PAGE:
This section is from the book "The Steward's Handbook And Guide To Party Catering", by Jessup Whitehead. Also available from Amazon: Larousse Gastronomique.
It is so commonly the case that the dance and the supper both have to take place in the one room, the hotel dining room, because there is not a second room large enough, that, in offering these suggestions, I shall always have to consider that the likeliest contingency; yet it is by no means the best or pleasantest way to carry out such affairs. The best of all such parties that I can call to mind have been those where there was a ball room separate from the supper room, where the latter might be prepared in a leisurely manner, decorated, set with the best skill of the best table men, made to look handsome, and at the appointed moment the doors were thrown open and the guests marched in. Some pleasantly arranged hotels have a parlor so large that it serves the purpose of a ball room in ordinary times, that is for everything but grand balls attended by large numbers, and a little forethought excercised by the builders of hotels might generally lead to the grand parlor and ladies' ordinary, or the reading room or some other adjoining, being fitted with sliding or removable doors, all to be thrown into one ball room without interfering with the main dining hall at all.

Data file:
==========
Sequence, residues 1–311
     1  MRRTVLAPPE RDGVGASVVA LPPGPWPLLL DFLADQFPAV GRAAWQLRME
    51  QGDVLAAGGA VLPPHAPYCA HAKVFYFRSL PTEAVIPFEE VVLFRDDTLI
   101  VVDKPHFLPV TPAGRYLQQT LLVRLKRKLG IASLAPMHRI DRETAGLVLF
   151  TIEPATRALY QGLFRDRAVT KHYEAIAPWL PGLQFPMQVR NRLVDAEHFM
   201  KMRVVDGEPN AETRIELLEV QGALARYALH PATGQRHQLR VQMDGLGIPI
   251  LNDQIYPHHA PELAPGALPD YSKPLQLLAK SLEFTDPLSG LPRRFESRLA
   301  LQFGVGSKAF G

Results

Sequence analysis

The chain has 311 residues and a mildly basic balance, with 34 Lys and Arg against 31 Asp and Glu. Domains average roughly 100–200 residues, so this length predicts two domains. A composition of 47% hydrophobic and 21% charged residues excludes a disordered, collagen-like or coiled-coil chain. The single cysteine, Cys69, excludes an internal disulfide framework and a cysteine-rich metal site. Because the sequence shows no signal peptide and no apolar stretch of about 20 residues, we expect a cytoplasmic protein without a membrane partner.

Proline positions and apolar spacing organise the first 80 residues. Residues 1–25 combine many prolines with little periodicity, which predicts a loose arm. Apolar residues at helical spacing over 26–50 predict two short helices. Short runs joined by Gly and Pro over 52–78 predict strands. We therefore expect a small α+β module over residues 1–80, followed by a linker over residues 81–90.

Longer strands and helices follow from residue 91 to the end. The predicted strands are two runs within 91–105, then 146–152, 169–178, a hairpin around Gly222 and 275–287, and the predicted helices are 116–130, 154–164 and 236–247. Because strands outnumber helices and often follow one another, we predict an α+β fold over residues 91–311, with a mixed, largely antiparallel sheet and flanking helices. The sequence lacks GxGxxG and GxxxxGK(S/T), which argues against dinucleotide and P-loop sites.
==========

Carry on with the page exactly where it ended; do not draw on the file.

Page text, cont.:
The city halls which caterers serve entertainments in are so arranged as to have separate dancing and supper rooms, else they are not fit for the purpose, and the caterer who finds the hall not so fitted should think twice before he undertakes the job, for supper-giving becomes a more complicated and troublesome affair when the dancers have to be asked to please stop while the tables are set in the same room, and again while they are cleared away.